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Polish Senate calls for 'justice' over WWII Enigma code-breakers

PR dla Zagranicy
Nick Hodge 09.10.2012 12:46
Poland's Senate is preparing a resolution that seeks to honour the “marginalised” Polish contribution to the cracking of Nazi Germany's wartime Enigma codes.

Enigma
Enigma machine

“In Western Europe, there is still the lingering notion that the breaking of the ciphers was the achievement of the English,” said Senator Jan Rulewski (Civic Platform), in an interview with Polska Zbrojna (Armed Poland), a weekly published by an offshoot of the Ministry of Defence.

“The Senate wants to restore justice,” he added.

The decoding of ciphers of Germany's Enigma Machine played a key role in the Allied victory, and historians have argued that the war was shortened by several years thanks to information gleaned by cryptographers.

In July 1939, on the eve of war, the Polish General Staff's Cipher Bureau demonstrated to their British and French counterparts how to crack the Nazi communications system. The Poles had been the only ones to penetrate the network, and had been unravelling German codes since 1932.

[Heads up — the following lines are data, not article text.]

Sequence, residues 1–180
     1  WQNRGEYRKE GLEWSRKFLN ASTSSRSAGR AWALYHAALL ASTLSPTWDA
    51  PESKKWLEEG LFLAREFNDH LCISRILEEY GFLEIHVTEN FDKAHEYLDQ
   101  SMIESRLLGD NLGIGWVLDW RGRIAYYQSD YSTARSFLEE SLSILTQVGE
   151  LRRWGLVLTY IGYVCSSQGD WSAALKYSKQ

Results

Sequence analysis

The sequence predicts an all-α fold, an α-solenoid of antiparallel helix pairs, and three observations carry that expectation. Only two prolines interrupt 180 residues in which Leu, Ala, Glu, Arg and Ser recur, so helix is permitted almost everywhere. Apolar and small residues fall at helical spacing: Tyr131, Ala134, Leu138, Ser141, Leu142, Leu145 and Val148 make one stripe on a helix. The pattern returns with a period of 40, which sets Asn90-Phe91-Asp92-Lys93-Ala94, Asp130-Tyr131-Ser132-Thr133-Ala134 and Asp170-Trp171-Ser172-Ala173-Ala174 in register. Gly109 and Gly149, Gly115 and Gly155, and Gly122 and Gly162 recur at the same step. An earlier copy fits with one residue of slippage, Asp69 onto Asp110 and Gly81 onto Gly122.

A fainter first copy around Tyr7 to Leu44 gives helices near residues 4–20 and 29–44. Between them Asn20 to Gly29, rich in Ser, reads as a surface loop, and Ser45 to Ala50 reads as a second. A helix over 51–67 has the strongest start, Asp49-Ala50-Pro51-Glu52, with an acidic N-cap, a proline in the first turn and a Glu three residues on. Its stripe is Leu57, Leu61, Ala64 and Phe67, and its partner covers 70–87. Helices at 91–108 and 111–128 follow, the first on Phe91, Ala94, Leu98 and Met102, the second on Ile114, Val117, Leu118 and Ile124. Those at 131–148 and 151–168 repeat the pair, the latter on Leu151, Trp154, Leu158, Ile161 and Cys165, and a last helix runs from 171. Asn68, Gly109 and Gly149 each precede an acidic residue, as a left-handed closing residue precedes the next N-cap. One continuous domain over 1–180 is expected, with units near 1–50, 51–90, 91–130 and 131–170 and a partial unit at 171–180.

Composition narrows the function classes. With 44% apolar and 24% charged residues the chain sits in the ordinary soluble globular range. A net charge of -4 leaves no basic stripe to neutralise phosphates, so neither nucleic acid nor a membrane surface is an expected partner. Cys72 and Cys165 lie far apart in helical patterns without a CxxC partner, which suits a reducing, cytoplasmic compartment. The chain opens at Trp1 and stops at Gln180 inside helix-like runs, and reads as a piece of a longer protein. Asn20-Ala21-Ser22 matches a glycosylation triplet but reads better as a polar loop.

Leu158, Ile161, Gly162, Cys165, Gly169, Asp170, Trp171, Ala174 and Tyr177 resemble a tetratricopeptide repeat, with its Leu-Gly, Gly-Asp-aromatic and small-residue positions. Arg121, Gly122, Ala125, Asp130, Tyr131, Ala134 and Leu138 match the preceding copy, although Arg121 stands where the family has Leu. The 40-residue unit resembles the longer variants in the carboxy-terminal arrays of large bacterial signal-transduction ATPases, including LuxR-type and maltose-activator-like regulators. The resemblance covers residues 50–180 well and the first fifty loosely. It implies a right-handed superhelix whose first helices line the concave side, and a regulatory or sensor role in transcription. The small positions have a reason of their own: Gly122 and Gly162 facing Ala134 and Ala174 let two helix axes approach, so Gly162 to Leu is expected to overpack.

Three mathematicians, Marian Rejewski, Jerzy Rozycki and Henryk Zygalski were instrumental in the Polish operation.

Continued work was then undertaken by the British at Bletchley Park, a manor in central England that had been commandeered by British Intelligence for the war effort.

Although the three Poles did not take part in work at Bletchley, a memorial endures there paying tribute to the achievements of the Polish cryptographers.

However, Polish senators believe that the frequent absence of references to Poland's cryptographers in foreign history books requires action.

Professor Roman Kuzniar, an adviser to President Bronislaw Komorowski, has applauded the initiative.

“If we don't highlight our achievements, then nobody is going to do it for us,” he said.

His opinion reflects post-war Polish emigrants to the UK, who were outraged by the 2001 movie Enigma, starring Kate Winslet and based on Robert Harris' novel of the same name.

“The English author chose to portray a Pole as a traitor, although obviously we feel that this is a gratuitous slur on Poles who fought side by side with their British allies,” stated Andrzej Morawicz, then President of the Federation of Poles in Great Britain.

Poland's Senate will open an exhibition about the country's contribution to Enigma code-breaking on 17 October, the same day that members will vote on adopting the resolution. (nh)

tags: World War 2
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